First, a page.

What the Glenwood Springs Fire Department has unofficially dubbed the 111 Fire — after mile marker 111 on Interstate 70, near South Canyon and just south of where the wildland fire that broke out Wednesday afternoon — was 25% contained as night fell and aerial firefighting efforts were suspended due to lack of light.

Although the cause of the blaze is still under investigation, preliminary hypotheses suggest the fire was likely sparked accidentally by human action, according to Mina Bolton, acting public information officer of the incident and executive assistant for the Glenwood Springs Fire Department.

GSFD responded to a brush fire on federal land north of Interstate 70 mile marker 111 that broke out Wednesday at around 2:32 p.m.

Upon arrival, about half an acre was burning, with construction crews attempting to extinguish the fire, according to a city of Glenwood Springs press release.

“The fire spread quickly, growing to approximately 15 acres in a short amount of time,” it read.

By about 3:30 p.m., the fire had grown in size enough to initiate pre-evacuation orders in West Glenwood neighborhoods, including those around Ami’s Acres Campgrounds, according to the GSFD Facebook page — on which the department also urged residents to sign up for emergency communications via garco911.com. No homes had been evacuated Wednesday.

The Garfield County Sheriff’s Department, Carbondale & Rural Fire Protection District and Carbondale River Fire Rescue responded to the scene in a mutual aid capacity, with the former fire department supplying command staff to supplement GSFD Chief Gary Tillotson, who was not available for immediate comment.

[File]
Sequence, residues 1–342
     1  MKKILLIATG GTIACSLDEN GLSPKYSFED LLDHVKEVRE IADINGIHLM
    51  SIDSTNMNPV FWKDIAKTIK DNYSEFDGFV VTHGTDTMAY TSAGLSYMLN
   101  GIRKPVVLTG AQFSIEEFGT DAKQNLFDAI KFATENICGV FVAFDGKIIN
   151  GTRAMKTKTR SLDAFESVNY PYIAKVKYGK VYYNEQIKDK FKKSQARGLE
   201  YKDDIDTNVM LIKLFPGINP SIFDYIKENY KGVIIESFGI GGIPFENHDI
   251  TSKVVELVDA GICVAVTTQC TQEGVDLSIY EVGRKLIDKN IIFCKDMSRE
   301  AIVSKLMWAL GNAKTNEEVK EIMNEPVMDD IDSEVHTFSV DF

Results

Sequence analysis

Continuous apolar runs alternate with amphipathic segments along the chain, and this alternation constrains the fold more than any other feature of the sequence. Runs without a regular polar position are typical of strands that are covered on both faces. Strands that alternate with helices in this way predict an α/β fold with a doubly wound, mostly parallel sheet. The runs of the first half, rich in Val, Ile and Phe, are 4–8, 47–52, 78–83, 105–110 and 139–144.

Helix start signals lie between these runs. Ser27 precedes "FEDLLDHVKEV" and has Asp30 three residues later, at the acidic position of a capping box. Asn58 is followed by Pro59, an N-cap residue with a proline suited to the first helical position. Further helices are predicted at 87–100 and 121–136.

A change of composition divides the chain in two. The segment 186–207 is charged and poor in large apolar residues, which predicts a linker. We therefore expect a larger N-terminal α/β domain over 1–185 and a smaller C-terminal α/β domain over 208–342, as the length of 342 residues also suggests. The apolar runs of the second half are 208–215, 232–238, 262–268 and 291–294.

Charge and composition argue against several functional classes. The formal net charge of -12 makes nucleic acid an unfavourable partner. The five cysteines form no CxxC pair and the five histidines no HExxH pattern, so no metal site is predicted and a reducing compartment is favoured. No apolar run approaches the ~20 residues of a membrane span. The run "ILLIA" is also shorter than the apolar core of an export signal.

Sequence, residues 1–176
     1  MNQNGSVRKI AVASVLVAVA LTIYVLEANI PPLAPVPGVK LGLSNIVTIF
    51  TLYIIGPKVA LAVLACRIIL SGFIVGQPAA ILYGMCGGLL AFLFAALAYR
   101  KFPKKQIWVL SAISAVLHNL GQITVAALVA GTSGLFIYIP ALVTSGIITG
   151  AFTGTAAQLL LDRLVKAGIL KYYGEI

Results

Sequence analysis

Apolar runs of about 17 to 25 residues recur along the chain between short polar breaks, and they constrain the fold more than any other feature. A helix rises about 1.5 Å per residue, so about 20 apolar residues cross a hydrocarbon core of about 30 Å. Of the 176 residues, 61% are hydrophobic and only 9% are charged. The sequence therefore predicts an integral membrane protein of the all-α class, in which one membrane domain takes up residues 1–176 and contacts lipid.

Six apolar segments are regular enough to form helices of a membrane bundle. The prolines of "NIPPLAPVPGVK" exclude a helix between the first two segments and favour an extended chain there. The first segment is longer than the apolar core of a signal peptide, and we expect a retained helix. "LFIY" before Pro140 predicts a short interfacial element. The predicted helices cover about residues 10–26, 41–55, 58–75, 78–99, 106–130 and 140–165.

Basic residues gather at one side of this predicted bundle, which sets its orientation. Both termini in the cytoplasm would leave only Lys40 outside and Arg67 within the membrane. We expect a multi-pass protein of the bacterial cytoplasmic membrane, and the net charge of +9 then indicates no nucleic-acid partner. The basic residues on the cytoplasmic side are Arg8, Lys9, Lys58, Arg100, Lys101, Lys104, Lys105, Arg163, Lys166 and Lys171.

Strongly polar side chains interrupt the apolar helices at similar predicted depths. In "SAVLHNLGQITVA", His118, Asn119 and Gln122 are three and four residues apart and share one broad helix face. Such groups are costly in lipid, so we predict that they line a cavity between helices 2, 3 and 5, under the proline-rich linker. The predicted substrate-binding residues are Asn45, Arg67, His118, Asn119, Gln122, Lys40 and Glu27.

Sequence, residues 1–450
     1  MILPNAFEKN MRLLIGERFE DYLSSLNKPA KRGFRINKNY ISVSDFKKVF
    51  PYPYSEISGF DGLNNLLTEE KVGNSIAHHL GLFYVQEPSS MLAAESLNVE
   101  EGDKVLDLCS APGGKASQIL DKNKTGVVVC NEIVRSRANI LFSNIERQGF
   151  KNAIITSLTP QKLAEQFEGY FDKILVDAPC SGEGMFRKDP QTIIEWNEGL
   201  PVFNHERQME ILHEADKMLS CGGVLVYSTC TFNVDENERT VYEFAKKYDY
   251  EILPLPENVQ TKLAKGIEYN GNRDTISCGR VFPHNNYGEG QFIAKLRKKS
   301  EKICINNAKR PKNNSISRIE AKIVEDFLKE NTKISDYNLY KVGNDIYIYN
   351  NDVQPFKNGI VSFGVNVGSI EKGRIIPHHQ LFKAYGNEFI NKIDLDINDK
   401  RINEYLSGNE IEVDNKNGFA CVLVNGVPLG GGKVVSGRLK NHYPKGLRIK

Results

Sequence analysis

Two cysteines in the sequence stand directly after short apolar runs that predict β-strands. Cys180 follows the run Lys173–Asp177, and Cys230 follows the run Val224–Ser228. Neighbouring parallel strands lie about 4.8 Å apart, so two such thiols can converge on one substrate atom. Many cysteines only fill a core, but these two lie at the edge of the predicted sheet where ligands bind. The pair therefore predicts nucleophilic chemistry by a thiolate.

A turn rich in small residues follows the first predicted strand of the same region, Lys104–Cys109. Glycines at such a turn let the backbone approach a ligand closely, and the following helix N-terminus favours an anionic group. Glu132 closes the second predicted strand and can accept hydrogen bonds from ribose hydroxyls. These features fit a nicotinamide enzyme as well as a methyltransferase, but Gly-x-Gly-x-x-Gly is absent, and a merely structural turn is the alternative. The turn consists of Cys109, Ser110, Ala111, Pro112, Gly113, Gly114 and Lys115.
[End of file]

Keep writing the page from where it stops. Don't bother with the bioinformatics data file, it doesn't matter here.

Additionally, two Upper Colorado River Interagency helicopters — including a Type 1, which is the largest helicopter used on fires and carries between 700 and 2,800 gallons of water — and a small engine air tanker were deployed early as the primary firefighting tools, given the steep terrain of the area.

As of about 4:40 p.m., the fire had grown to between 40 and 50 acres, Roaring Fork Fire Rescue Deputy Chief of Operations Kevin Issel said.

“That’s just listening to the radio,” he said. “It could double in size in a matter of minutes and you don’t even know, unless you hear it on the radio. Forty to 50 acres is a significant fire.”

Official reports estimated the spread at about 40 acres, and as of Wednesday evening, the fire had been contained at between 35 and 40 acres.

At that time, it had only been the two Carbondale entities that have been called to assist with containing the blaze, but Issel expected that RFFR will also be called in if “it continues to explode.”

By about 5:10 p.m., an additional four aircraft were sent, bringing the total number of aerial firefighting units up to seven.

In response to the aerial firefighting, the interstate was closed in both directions during the day Wednesday. Westbound traffic on I-70 was closed from Dotsero (exit 133) until mile marker 109, west of Glenwood Springs. Eastbound traffic was closed from mile marker 109 to exit 114 (Glenwood Springs).

At 6:37 p.m., CDOT announced that eastbound I-70 traffic between New Castle and Dotsero had reopened with both lanes. Around the same time, GSFD updated its Facebook page to let drivers know that a single westbound lane on the interstate had also reopened, but "traffic is moving slowly."

Because these aircraft cannot fly at night, it was safe to reopen the highway in both directions, CDOT regional communications manager Elise Thatcher said.

"Aircraft were important to the firefighting efforts," she said.

Megan Tackett is a reporter for the Aspen Daily News. She can be reached at megan@aspendailynews.com or on Twitter @MeganTackett10.